When it comes to politics, keep in mind that Gou is from Taiwan and most of his factories were in China (but that’s something he more recently said the company should change). Despite the mistrust and animosity in the Taiwan strait, he managed to talk the Chinese government out of billions in subsidies, including building “iPhone City” and all of its infrastructure, plus billions more in grants. He even got the Chinese government to recruit, train, and even house many of the employees. They even made a special economic zone just for Apple’s products.
As Foxconn’s footprint expanded into other countries (including the United States and Mexico), he did the same, pushing for as much economic benefit from governments as possible.
Employees also felt the crunch. Long, long work hours were the norm, up to seven days a week at times. Pay, of course, was kept as low as possible. Factories were even built to make every person quickly replaceable, so that there was no feeling of job security. Things got so bad that the company had to install a suicide net at its iPhone factory, to keep workers from jumping off the roof to their deaths.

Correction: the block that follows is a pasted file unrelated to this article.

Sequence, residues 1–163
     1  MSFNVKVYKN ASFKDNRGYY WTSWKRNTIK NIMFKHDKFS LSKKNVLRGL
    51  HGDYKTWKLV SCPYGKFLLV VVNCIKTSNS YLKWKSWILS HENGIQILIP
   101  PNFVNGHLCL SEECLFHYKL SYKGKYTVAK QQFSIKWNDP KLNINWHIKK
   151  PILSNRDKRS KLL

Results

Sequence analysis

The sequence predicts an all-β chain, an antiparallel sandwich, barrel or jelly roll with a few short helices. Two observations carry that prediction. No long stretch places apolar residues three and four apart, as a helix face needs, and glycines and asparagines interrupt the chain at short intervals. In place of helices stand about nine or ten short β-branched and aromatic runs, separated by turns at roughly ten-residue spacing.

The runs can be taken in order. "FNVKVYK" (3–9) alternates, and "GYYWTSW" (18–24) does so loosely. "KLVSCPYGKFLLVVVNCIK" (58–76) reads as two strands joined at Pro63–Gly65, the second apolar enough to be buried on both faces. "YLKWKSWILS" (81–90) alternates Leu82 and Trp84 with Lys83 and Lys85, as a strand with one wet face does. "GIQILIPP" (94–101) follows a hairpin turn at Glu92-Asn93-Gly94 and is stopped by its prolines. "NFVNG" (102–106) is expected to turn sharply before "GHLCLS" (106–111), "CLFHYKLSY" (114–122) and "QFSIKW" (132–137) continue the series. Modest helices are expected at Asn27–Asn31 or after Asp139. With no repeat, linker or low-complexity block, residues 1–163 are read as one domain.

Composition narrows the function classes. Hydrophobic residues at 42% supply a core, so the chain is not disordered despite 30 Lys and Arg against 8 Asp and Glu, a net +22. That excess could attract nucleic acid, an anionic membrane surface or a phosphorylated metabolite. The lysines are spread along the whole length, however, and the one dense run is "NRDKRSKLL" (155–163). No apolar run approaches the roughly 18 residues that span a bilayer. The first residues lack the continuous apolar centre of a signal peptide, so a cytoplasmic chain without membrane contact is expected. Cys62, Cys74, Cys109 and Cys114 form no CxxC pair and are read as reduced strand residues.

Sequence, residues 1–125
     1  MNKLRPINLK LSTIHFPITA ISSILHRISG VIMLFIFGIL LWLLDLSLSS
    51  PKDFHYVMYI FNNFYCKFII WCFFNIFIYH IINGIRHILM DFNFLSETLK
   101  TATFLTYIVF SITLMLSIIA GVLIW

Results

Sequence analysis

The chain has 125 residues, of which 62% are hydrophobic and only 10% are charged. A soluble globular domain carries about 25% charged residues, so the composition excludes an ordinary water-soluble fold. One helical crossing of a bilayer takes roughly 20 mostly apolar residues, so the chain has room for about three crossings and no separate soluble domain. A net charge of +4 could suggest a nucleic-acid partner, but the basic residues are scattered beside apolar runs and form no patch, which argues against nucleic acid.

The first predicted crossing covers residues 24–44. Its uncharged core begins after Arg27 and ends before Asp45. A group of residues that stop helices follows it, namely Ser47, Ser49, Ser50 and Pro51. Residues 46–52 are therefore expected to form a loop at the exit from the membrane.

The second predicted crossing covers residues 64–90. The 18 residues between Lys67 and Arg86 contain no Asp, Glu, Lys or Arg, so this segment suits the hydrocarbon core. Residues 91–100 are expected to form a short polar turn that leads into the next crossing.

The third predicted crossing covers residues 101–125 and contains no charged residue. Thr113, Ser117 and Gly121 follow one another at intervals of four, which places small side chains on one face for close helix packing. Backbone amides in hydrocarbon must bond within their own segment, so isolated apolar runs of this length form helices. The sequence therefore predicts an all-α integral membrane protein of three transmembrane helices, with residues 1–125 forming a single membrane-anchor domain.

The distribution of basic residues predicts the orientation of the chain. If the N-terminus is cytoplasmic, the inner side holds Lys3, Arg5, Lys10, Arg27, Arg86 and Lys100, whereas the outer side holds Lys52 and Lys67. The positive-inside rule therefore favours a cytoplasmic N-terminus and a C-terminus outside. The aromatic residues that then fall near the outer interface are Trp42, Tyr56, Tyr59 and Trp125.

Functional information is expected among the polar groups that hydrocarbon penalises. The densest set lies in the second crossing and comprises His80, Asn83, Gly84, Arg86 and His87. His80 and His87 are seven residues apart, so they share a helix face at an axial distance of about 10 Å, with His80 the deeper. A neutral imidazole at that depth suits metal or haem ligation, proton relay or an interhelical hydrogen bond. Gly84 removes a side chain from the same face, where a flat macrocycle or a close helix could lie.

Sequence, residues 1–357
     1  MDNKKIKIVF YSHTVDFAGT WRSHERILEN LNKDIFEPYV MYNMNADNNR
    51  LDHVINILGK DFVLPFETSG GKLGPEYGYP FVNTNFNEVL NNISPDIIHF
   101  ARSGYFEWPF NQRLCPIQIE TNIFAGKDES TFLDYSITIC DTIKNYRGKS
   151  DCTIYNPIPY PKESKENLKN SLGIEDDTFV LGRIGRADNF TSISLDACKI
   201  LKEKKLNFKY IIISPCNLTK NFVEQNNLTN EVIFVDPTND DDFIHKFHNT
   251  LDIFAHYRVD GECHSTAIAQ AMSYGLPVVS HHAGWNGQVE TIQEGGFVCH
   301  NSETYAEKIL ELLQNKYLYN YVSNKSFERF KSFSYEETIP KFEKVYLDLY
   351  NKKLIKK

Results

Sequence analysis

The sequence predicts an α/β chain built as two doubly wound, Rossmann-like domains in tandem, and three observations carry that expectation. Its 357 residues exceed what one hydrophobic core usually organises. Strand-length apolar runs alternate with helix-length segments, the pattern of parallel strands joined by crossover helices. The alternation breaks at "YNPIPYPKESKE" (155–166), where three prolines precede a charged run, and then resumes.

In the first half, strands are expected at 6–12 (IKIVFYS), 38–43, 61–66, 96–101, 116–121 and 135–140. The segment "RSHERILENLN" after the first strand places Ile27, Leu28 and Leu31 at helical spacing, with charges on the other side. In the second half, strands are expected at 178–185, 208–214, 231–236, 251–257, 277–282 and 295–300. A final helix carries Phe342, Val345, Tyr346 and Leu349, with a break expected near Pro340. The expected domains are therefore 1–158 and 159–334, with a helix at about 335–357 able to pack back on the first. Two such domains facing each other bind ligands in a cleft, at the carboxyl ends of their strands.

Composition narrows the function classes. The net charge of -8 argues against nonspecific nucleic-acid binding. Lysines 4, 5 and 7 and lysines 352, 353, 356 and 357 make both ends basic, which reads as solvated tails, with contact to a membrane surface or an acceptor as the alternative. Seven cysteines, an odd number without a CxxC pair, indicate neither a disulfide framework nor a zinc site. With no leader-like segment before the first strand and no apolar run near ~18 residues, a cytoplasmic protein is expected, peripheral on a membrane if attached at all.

Apple, like all Foxconn customers, is insulated from these practices, but improvements are made whenever the press manages to bring negative publicity. In all other cases, Foxconn tends to be very ruthless.
Foxconn’s Attempt To Move Out Of Contract Manufacturing
Initially, Foxconn executives thought that moving into electric vehicles could be a way for the company to move away from being a contract manufacturer toward selling their own goods to consumers with Foxconn or Hon Hai branding. Why? Because contract manufacturing is a very low-margin business. While Foxconn’s revenues place them among the world’s top tech companies, they only keep a tiny fraction of those revenues as profits.
If they did raise margins, the competition would quickly eat them. Dell, HP, Apple, and all of the other companies that use them for manufacturing frequently switch suppliers to whoever can give them the best pricing, sometimes just to remind Foxconn that they are replaceable. This keeps the pressure on to continue squeezing governments and workers, but also keeps the company from becoming a competitor.